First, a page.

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bcerha

Having visited St Andews at Mells on many occasions I would agree to a certain extent that in its current location it is rather difficult to view and fully appreciate the magnificent Munnings sculpture on its Lutyens plinth. However, that said it is a Horner family statue in the Horner Family chapel and as Mells is a pretty remote little village in the first place, the whole of St Andrews is usually a place for quiet prayer and reflection anyway, I know that I have always found it so.

If memory serves me rightly, as well as the equestrian statue there is a memorial in the window to the Horners elder son Mark who was tragically drowned in a swimming accident in 1907 as well as both Edward Horner and Raymond Asquith's original wooden cross grave markers from France.

I may be speaking completely out of turn but it may just be that Mells is one of those exclusive and secluded Somerset villages where property prices have risen steeply and homes are now occupied by people recently moved west from "Town" who have "new, interesting and innovative ideas" for ways in which their "communities" should be run. As I say I may be speaking out of turn and stand to be corrected but that has been the experience in some areas of neighbouring Wiltshire.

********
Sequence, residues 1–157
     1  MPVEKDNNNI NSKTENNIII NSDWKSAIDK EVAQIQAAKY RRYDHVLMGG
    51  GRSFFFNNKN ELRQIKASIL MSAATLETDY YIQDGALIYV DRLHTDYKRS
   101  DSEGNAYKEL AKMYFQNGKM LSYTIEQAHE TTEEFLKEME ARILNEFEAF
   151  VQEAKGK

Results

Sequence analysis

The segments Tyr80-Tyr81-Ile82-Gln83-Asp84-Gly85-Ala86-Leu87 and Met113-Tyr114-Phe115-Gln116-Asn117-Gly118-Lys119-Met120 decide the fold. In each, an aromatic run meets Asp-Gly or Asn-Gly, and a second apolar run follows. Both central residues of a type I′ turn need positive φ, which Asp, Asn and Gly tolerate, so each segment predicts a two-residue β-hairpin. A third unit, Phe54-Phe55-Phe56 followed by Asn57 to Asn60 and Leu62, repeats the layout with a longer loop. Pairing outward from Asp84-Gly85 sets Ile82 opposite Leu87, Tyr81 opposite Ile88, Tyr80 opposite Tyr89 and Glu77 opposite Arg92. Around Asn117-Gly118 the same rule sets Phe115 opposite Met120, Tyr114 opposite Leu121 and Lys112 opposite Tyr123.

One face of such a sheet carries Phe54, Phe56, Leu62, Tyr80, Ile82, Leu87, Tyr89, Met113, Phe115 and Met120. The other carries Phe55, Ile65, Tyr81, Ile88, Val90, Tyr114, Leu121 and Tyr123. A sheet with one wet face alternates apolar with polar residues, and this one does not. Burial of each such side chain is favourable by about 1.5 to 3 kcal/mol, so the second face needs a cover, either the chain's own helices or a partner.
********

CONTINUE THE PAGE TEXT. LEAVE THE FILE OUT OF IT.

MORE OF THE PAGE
If this is the case then it is perhaps a shame and things should perhaps be left as they are.

Finally, as an interesting aside the Mells estate is in fact the "Plum" that little Jack Horner of Nursey Rhyme fame pulled out with his thumb from the pie. The pie being the list of title deeds of 16 west country estates sent by the then Bishop of Bath and Wells to placate King Henry VIIIth and Jack Horner as the messenger removed one in the certain beleif that the King wouldn't miss one - which he didn't!!

Does anyone know if the Horners or their descendants still live in Mells Manor ??

David

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Graham-McAdam